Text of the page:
National Press Club says ‘politicizing’ libel puts media in graver risk

February 15, 2019

HERE’S thanking our guests and our colleagues in the media community for ensuring the success of the inaugural edition of the National Press Club’s media forum, ‘Election Pulse 2019’ held yesterday at the NPC office.

In particular, many thanks to DILG assistant secretary and spokesman, Atty. Jonathan Malaya, Comelec director and spokesman, James Jimenez, S/Supt. Romeo Banac, Chief, PIO-PNP; and, C/Supt. Romeo Panal, ROD deputy, NCRPO.

In the course of yesterday’s forum, the NPC also handed over to Assec. Jonathan the copies of the 1990 and 2001 MOA (Memorandum of Agreement) between the NPC and the DILG as regards the serving of the arrest warrant against members of the press for libel. Rest assured, dear colleagues that the NPC would work hard to have the MOAs updated to reflect the present condition.

And this early, here’s thanking Assec. Jonathan for stating that the DILG is “open” to have a dialogue with the NPC over this important matter. Abangan!

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And to put the arrest of Rappler’s Maria Ressa in proper perspective, below is the statement of the NPC, for everybody’s information:

The National Press Club of the Philippines (NPC), the country’s oldest and biggest organization of active members of the press, reminded that a libel case is a legal remedy available to everyone and should not be politicized.

At the same time, the NPC also expresses its dismay over the manner by which the National Bureau of Investigation (NBI) served the warrant of arrest against Ms. Maria Ressa of Rappler for libel last February 13, 2019.

While the NPC recognized that the NBI served the warrant as part of our judicial process, the manner by which it was done smacks of bad taste -- at the close of office hour. The NBI could have served the warrant much earlier, if it wanted to.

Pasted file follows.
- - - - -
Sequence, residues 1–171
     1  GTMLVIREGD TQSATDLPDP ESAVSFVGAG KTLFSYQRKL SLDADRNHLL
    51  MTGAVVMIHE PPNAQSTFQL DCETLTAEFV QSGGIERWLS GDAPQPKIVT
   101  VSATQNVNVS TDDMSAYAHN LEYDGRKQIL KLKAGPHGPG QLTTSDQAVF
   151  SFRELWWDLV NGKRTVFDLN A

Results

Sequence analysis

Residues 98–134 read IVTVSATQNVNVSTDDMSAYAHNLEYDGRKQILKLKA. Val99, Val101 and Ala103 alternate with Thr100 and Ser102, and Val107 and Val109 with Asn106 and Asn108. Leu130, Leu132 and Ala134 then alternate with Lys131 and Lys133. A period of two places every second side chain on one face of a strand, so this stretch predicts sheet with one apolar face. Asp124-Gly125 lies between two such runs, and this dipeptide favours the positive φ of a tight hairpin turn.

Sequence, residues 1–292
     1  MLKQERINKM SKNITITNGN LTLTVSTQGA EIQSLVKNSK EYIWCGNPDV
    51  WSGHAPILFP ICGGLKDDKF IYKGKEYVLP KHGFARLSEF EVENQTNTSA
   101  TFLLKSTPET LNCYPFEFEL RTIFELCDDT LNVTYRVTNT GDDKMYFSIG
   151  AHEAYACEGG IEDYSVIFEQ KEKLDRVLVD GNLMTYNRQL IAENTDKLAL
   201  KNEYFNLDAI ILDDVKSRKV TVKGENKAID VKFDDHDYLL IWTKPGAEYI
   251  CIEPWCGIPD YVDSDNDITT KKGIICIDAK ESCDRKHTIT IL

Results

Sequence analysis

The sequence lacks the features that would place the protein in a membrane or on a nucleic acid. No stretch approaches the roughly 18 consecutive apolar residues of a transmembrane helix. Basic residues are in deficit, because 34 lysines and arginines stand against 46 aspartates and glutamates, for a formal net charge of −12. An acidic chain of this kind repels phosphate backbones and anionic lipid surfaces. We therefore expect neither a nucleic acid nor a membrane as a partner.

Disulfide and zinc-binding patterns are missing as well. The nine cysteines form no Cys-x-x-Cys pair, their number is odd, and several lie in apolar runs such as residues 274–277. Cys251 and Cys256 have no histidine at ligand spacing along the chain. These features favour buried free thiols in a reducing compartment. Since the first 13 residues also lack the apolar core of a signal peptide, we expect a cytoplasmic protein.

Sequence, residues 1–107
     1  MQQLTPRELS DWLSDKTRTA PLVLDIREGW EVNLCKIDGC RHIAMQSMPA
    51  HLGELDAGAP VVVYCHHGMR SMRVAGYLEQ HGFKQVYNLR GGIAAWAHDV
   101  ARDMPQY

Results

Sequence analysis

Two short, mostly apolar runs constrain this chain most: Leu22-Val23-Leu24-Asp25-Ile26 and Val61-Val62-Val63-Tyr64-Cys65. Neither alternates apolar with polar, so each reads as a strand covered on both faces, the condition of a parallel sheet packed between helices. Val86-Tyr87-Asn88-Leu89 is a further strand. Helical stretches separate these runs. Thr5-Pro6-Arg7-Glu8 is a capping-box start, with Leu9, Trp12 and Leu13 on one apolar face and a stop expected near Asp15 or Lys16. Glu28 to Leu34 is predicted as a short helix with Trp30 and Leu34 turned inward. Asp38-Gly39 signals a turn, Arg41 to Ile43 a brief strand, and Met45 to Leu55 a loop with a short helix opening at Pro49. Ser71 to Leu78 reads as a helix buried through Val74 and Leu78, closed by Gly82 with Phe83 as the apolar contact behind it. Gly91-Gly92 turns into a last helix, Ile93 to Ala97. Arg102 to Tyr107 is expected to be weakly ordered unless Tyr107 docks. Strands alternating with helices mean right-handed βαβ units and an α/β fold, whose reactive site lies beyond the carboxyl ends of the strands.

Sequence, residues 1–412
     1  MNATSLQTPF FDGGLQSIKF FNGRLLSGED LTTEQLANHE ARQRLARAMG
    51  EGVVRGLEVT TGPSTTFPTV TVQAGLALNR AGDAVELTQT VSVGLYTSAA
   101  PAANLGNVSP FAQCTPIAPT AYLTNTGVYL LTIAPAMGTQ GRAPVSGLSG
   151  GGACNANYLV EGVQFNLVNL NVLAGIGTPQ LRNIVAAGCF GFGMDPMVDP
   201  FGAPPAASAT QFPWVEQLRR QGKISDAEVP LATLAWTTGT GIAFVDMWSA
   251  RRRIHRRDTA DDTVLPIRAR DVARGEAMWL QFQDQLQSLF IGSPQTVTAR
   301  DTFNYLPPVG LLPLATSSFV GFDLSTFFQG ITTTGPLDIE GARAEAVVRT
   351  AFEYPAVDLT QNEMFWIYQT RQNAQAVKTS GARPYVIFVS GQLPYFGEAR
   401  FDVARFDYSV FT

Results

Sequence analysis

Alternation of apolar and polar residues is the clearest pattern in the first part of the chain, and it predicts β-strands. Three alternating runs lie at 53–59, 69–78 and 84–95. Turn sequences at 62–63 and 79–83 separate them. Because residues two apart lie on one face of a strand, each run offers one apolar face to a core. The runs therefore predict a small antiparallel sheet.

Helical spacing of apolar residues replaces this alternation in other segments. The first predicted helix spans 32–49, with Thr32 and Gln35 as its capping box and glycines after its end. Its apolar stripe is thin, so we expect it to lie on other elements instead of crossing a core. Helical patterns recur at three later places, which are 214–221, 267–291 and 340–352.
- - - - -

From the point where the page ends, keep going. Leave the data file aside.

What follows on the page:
In the NPC’s continuing effort to address the problem of journalists being arrested for libel, the NPC shall be calling again on the Department of Interior and Local Government (DILG) and other concerned departments of the Executive Branch for a joint review and reiteration of the 2001 NPC-DILG Memorandum of Agreement.

This agreement, among others, calls for close coordination between the police and the NPC in the serving of warrant of arrest against members of the press for libel.

Despite the manner by which Ms. Ressa was arrested however, the NPC takes exemption to the position by some quarters that the incident is another act of political harassment by the government against its critics.

For many in the press, particularly, the members and officers of the NPC, to be sued for libel is among the risks that we daily faced in the performance of our duty.

And Ms. Ressa’s experience has been the experience of many in the media profession. It can be a great ‘inconvenience’ but, not something that should relegate someone to the altar of press freedom for ‘martyrdom.’

The NPC maintains that to inject something that is not there and thus politicize a strictly judicial process involving a legal dispute between two private parties -- the private complainant on the one hand and, Rappler, a private media outfit, on the other -- does not, and will not, serve the end of justice, which was the aim of the complaint to begin with.

To politicize a legal recourse available to everyone who feels aggrieved by the media with the objective of soliciting sympathy from a public largely ignorant of the details of the dispute that gave rise to the complaint is not only to twist the facts of the case.

More to the point, transforming this incident into a political circus in pursuit of vested political and ideological interests is to encourage everyone’s disrespect for the law and with it, to increase the risk of greater violence against the media.

Philippine members of the press are already confronted with the graver problem of media killing -- instead of lawyers, some would-be complainants prefer to settle their gripe against the media by hiring gunmen.

And this risk of violent attacks against the media can only increase when would-be complainants begin to entertain the thought that the filing of a libel case has become an exercise in futility because its result can be swayed by the noise of mob rule.

Violent thoughts against the press can arise from such discontent.